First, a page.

Health Outcomes and Experiences of Food Insecurity among Indigenous Peoples: A Scoping Review

Researcher: Bolu Olawuyi, MD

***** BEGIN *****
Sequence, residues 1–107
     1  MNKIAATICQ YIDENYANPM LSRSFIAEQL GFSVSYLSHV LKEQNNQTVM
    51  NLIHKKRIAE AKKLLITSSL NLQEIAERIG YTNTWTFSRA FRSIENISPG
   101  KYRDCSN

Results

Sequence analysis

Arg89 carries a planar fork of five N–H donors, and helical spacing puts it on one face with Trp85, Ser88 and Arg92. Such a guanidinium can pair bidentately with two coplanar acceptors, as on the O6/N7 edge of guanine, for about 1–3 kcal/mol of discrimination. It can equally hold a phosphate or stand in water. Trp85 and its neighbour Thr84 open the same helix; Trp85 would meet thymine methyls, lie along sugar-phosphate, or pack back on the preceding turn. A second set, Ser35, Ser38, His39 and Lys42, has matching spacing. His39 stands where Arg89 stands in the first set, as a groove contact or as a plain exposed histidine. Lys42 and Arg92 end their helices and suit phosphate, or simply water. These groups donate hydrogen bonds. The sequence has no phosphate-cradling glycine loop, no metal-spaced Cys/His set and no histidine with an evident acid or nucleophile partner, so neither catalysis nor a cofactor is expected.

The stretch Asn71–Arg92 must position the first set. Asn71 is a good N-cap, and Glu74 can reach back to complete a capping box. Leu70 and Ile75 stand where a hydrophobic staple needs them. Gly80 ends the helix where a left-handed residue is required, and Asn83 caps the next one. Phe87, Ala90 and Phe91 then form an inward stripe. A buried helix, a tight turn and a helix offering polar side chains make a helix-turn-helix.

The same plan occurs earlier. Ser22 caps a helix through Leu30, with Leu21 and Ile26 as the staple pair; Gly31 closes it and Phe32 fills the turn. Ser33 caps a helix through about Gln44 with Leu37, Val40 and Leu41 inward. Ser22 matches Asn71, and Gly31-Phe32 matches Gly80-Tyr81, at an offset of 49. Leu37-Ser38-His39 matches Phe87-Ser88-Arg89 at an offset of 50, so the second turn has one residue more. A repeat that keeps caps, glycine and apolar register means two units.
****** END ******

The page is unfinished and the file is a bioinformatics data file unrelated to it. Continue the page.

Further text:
Research focus: The rising rates of food insecurity among Indigenous Canadians have become a public health concern due to health complications such as diabetes, obesity, and mental health disorders. There is an urgency to address this risk to promote health and improve the quality of life for Indigenous Canadians. Indigenous food sovereignty has emerged as an option to eradicate food insecurity and promote sustainable food systems within Indigenous reserve communities. The purpose of this scoping review is to summarize the evidence from the literature on the health outcomes and experiences of food insecurity among Indigenous peoples in Canada. The databases searched were CINAHL Plus Full Text, CBCA ProQuest, and Google Scholar from 2017-2022. Twelve articles adhered to the inclusion criteria of published peer-reviewed studies in English language on food insecurity, experiences, health impacts, and Indigenous peoples in Canada. There are limited studies on the health impacts and experiences of food insecurity among Indigenous peoples living on reserve. Findings revealed that interventions focusing on areas such as predictors of food insecurity, accessibility and affordability of foods, health implications and Indigenous food sovereignty, are vital to combat food insecurity.